figure out that you have 17 ft left. You know you used 3 ft (your
cost of goods sold) and you’re carrying 17 ft in inventory. The
value of the 3 ft and the 17 ft will be determined by whether you used
LIFO or FIFO. With LIFO, you used $19.50 in wire and have $95.50
remaining in inventory. With FIFO, you used $15.00 in wire and have
$100. remaining in inventory. Either way, your total costs were

For Federal taxes (your state will vary), you have to declare an
opening and closing inventory each year. That inventory should be
made up of your raw materials as well as the cost of materials and
independent labor (not YOUR labor, unless you draw a salary from the
business) for any finished pieces.

The opening inventory each year must match the previous year’s
closing inventory, or you have to declare why it doesn’t.

In terms of materials you had before you started using the software,
I think the issue is more what you’ve previously declared on your tax
returns (Form C). If you’ve declared inventory, then that needs to
remain your starting inventory for the year. Otherwise, you should
simply input the inventory as your “starting point” in the software,
declaring its value as best you know and can document it.

It’s a bit of a pain to get started with, but once you’ve done it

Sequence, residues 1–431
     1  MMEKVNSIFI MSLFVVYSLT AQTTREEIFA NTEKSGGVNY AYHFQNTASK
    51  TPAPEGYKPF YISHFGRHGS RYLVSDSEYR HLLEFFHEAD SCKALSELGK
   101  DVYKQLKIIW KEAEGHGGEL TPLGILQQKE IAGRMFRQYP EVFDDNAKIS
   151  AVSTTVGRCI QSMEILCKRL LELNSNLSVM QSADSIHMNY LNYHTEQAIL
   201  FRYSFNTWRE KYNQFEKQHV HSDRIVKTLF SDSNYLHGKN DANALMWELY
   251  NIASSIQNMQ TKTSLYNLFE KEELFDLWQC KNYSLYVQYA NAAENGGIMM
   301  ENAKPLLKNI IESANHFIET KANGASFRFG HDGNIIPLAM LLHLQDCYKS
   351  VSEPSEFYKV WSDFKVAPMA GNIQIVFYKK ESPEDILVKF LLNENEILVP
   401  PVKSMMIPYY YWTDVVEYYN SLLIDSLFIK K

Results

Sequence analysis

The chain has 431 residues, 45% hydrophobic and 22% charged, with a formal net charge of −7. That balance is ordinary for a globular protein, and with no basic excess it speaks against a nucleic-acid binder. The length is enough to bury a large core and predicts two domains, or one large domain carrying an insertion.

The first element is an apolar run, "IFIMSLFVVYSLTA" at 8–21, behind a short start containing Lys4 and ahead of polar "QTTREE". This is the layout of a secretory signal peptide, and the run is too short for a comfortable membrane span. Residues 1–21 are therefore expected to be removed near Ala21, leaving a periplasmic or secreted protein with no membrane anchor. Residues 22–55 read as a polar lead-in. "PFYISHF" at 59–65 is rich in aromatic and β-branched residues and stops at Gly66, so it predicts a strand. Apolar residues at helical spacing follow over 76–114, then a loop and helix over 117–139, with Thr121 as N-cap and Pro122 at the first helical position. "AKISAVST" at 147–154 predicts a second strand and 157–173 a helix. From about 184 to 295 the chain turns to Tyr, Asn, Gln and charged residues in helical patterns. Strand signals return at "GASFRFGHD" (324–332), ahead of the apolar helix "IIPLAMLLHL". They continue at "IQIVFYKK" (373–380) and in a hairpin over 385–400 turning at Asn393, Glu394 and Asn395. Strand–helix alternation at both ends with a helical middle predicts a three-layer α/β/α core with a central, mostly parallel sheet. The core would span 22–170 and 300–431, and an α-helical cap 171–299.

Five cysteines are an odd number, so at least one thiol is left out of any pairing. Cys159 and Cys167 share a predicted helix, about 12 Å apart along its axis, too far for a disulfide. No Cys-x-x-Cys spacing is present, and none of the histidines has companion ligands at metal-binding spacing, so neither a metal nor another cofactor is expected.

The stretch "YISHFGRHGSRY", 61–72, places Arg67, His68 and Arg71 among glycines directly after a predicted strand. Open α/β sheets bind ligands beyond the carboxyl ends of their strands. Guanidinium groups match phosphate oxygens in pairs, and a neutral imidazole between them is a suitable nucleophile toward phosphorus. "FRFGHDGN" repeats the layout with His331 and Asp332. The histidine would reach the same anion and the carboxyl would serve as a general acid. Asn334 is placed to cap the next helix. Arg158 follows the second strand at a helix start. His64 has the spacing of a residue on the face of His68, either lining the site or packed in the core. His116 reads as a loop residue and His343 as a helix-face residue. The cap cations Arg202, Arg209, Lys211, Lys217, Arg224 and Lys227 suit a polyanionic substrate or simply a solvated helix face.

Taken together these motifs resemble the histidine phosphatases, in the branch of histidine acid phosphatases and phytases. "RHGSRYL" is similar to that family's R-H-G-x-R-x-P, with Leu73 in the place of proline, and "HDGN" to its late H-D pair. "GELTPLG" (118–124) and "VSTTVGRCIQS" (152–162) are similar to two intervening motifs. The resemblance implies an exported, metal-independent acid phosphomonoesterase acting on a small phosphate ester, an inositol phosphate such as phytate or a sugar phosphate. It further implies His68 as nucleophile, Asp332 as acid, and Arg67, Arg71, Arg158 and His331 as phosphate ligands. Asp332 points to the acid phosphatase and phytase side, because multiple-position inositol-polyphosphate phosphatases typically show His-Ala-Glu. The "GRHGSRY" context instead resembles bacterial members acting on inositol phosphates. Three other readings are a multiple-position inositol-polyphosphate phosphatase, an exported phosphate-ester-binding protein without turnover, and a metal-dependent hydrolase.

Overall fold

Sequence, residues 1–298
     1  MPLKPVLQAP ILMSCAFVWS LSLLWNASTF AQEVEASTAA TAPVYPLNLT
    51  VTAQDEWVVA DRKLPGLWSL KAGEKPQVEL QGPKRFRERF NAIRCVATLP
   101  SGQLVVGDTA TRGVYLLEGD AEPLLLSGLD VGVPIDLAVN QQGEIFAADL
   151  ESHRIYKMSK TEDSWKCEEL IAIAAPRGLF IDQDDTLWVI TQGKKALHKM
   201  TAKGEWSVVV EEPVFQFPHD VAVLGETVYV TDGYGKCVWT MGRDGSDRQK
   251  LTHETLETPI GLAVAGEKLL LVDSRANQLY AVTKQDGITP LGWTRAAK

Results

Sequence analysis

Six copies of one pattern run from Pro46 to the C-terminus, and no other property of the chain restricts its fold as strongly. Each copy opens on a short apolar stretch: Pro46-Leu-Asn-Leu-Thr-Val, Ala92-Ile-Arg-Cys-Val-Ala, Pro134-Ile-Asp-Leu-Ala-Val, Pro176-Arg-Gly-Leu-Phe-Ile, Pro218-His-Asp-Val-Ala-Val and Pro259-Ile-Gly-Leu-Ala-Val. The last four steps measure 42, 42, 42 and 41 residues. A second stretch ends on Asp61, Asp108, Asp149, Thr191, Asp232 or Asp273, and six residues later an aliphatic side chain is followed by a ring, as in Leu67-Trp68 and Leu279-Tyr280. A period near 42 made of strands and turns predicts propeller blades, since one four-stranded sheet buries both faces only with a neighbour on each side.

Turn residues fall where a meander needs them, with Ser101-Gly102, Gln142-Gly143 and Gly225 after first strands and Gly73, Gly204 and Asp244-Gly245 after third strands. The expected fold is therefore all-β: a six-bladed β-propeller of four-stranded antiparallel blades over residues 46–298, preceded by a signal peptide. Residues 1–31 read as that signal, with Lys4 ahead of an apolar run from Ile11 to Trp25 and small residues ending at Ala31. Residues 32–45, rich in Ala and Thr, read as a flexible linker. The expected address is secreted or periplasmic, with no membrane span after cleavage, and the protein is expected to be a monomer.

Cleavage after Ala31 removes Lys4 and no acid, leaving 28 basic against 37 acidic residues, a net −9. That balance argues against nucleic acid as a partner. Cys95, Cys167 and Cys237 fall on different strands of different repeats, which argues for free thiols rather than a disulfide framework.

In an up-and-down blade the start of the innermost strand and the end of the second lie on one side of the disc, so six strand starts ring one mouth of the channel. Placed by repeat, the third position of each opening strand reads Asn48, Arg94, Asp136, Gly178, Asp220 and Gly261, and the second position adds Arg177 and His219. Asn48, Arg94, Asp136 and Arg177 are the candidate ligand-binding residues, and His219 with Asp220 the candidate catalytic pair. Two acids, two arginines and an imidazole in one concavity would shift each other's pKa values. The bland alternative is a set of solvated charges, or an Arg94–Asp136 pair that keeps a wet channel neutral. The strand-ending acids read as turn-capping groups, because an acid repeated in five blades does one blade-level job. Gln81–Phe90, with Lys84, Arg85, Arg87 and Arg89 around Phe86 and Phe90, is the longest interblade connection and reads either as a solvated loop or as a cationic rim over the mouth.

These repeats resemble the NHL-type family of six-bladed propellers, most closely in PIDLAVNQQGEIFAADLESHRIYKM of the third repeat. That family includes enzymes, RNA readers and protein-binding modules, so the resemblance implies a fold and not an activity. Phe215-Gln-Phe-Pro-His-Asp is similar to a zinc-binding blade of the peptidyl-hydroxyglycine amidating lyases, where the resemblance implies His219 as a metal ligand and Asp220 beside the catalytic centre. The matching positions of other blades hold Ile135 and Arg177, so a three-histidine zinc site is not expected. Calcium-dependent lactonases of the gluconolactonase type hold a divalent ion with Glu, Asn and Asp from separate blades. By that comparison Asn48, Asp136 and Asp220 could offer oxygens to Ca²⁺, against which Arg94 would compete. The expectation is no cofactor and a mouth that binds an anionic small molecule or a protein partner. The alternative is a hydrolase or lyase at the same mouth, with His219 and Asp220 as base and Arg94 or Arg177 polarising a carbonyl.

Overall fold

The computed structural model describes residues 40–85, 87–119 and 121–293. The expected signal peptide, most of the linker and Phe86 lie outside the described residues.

for a bit it will be MUCH easier.

I hope this helps.

Karen Goeller

You can find out more about it here: 

I have exactly the same questions and software. I would love to
hear what the answers are.

Thank you,
Elen Freelander


Karen – thank you and all the others for the great advice. Your
explanation is much clearer than that of my accountant (sweet guy
but he assumes I know his language, which I don’t!).

Point of note, I did have Jewelry Design Manager on my PC, but
recently switched to Mac (yahoo! big backflip happy faces here!). It
worked fine when doing beadwork but having switched almost entirely
to metalwork and lapidary and some contracting for piecework, I
needed something more professional, with tax codes, tax reporting,
invoicing, etc.



Thanks for a very lucid explanation. Do you know what the tax
implications of declaring a bunch of inventory after years of
avoidance is likely to be? I’ve also never inventoried my work - I
tried once, but it dwarfed my income to the point of oblivion.

Elen Freelander